Largely ignored by scholarship and increasingly occluded in historical memory, Tombolo was once so central to Italian culture and politics that even allusive references to the term could conjure the doubt, anxiety, and indignation of the Second World War war and its aftermath. A pine grove located between Pisa and Livorno, Tombolo housed a large American encampment, a key staging site for the Allied invasion and subsequent occupation of Italy. It was also the site of a flourishing black market, rampant prostitution, and racial tensions, which combined to give it an outsized role in the Italian imagination. Indeed, a mix of prurience and prejudice made Tombolo a kind of Italian obsession after the war. It was the subject of lurid tales of white slavery, murder, kidnapping, money laundering, and thefts totaling billions of lire. In numerous journalistic exposés, short stories, novels, and films, Tombolo was the contact zone for a cultural confrontation with the transgressions of the war. Then it was largely—but never entirely—forgotten. In this lecture, Leavitt examines the simultaneous evocation and suppression of Tombolo in Luigi Zampa’s 1949 film Campane a martello. That film, he argues, is symptomatic of the effort both to process and to repress the complex history and memory of the Allied occupation, an effort whose evident failure continues to destabilize Italian national identity.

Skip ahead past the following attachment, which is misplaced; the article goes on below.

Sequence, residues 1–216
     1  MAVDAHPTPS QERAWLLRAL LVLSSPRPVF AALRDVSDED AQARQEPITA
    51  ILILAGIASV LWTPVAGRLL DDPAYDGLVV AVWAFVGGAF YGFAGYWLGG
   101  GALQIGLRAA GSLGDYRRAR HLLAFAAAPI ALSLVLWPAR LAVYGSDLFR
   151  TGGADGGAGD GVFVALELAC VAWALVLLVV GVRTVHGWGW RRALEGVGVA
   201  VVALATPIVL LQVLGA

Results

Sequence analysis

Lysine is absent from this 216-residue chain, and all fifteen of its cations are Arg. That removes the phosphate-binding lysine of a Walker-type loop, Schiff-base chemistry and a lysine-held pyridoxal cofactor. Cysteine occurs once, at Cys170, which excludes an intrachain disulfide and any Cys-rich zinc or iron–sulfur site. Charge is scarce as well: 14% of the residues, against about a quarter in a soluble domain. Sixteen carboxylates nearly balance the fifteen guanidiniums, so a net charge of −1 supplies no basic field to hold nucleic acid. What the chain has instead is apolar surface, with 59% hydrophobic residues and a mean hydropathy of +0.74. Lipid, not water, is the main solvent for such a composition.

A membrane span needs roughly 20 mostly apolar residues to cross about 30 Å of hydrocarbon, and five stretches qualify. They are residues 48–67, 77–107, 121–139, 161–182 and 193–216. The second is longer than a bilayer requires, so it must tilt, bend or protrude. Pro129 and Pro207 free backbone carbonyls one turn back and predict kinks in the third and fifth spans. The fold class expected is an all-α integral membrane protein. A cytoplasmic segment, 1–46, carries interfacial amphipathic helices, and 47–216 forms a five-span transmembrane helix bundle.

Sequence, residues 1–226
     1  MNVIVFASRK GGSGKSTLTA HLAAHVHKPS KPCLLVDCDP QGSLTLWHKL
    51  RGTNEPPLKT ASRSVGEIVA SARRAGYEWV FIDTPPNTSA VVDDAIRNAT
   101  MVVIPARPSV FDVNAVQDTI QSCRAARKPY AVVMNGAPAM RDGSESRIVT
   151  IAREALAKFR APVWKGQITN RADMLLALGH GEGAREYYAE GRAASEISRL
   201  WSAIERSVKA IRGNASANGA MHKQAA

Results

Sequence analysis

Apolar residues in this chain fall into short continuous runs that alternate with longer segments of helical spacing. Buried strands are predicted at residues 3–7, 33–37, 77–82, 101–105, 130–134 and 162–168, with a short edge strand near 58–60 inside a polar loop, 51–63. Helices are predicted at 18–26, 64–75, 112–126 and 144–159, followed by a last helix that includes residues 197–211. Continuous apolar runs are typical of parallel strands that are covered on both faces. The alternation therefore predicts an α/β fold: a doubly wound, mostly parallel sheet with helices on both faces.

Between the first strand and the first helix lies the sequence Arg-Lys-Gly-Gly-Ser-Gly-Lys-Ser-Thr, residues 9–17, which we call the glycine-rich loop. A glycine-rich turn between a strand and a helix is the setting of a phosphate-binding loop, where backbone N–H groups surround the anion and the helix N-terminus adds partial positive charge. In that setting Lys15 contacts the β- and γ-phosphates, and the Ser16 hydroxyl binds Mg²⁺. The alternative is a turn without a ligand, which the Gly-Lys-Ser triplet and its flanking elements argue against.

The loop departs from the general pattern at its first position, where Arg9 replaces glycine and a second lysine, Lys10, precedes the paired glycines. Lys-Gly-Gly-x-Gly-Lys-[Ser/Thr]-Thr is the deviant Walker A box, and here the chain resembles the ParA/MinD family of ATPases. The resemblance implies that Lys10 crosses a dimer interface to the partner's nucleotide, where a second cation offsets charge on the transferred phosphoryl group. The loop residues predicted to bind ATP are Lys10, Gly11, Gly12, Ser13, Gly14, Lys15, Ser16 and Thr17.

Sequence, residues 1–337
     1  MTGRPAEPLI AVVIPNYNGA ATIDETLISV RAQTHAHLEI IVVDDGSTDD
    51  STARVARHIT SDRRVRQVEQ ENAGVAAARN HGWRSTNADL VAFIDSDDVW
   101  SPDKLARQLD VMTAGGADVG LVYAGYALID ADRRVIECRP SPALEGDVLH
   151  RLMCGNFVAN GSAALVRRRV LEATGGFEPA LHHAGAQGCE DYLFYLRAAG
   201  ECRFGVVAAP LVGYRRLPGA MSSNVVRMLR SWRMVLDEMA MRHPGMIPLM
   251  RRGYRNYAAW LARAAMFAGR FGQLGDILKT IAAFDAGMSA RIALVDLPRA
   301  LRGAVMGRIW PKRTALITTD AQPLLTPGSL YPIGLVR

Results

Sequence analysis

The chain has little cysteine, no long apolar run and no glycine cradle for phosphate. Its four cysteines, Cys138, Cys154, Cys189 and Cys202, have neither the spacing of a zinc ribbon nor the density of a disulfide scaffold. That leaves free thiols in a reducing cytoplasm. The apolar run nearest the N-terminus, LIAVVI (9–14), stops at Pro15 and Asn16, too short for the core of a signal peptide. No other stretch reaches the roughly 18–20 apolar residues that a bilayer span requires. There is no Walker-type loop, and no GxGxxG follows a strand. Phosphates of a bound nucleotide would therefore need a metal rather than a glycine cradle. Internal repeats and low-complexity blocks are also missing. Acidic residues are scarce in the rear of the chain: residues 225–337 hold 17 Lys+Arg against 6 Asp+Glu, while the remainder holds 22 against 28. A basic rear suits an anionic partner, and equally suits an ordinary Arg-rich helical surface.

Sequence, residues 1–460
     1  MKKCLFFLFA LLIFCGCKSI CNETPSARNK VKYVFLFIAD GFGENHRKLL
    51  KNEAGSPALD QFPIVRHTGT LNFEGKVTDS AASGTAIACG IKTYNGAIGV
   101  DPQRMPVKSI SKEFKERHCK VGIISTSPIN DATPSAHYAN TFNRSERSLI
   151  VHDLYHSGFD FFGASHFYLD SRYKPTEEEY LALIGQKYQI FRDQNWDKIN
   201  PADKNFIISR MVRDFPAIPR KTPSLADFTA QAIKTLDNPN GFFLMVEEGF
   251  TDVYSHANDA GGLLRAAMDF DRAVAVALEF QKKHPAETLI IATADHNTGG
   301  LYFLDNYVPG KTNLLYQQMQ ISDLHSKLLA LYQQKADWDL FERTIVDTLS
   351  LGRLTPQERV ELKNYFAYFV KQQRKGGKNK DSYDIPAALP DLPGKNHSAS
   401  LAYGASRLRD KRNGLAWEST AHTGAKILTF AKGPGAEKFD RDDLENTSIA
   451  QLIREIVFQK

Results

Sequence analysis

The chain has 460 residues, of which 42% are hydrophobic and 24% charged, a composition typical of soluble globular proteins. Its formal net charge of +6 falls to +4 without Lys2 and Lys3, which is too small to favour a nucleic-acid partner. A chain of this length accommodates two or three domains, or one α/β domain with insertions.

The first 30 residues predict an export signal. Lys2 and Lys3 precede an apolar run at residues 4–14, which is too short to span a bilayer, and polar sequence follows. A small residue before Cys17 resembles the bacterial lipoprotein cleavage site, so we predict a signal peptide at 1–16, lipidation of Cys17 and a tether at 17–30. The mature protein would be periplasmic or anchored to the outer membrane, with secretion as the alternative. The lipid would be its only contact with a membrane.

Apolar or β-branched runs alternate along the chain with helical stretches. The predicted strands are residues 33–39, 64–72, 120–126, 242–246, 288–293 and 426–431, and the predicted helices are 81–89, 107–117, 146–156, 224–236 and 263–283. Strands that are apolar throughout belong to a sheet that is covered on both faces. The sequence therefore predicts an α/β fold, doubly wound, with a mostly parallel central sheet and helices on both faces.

Charles L. Leavitt IV is Assistant Professor of Italian at the University of Notre Dame. He studies modern Italian literature and cinema in a comparative context. Visiting Research Fellow at the University of Reading and co-editor of The Italianist Film Issue, Leavitt is currently completing a monograph on Italian Neorealism while also continuing to pursue research on a variety of topics, and in particular on the intersections between Italian and African-American culture. His work has appeared in publications including Modern Language Notes, Italian Culture, the Journal of Modern Italian Studies, California Italian Studies, Tre Corone, and The Italianist.
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Originally published at italianstudies.nd.edu.